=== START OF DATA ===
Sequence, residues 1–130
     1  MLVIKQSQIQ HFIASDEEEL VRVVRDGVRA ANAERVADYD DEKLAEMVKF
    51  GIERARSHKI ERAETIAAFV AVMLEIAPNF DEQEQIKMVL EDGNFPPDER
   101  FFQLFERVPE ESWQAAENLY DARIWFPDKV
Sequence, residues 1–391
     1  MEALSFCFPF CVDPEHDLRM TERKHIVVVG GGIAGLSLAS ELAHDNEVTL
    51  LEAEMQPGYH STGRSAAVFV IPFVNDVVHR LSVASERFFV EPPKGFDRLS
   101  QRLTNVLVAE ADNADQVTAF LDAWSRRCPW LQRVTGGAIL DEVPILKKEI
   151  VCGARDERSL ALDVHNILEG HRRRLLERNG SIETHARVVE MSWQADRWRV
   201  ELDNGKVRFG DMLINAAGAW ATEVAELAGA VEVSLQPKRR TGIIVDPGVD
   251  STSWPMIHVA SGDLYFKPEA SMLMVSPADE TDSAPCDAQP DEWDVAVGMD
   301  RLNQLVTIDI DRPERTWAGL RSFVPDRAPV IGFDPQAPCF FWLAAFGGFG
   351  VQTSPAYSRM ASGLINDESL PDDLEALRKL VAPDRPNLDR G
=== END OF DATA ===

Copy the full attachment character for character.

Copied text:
Sequence, residues 1–130
     1  MLVIKQSQIQ HFIASDEEEL VRVVRDGVRA ANAERVADYD DEKLAEMVKF
    51  GIERARSHKI ERAETIAAFV AVMLEIAPNF DEQEQIKMVL EDGNFPPDER
   101  FFQLFERVPE ESWQAAENLY DARIWFPDKV
Sequence, residues 1–391
     1  MEALSFCFPF CVDPEHDLRM TERKHIVVVG GGIAGLSLAS ELAHDNEVTL
    51  LEAEMQPGYH STGRSAAVFV IPFVNDVVHR LSVASERFFV EPPKGFDRLS
   101  QRLTNVLVAE ADNADQVTAF LDAWSRRCPW LQRVTGGAIL DEVPILKKEI
   151  VCGARDERSL ALDVHNILEG HRRRLLERNG SIETHARVVE MSWQADRWRV
   201  ELDNGKVRFG DMLINAAGAW ATEVAELAGA VEVSLQPKRR TGIIVDPGVD
   251  STSWPMIHVA SGDLYFKPEA SMLMVSPADE TDSAPCDAQP DEWDVAVGMD
   301  RLNQLVTIDI DRPERTWAGL RSFVPDRAPV IGFDPQAPCF FWLAAFGGFG
   351  VQTSPAYSRM ASGLINDESL PDDLEALRKL VAPDRPNLDR G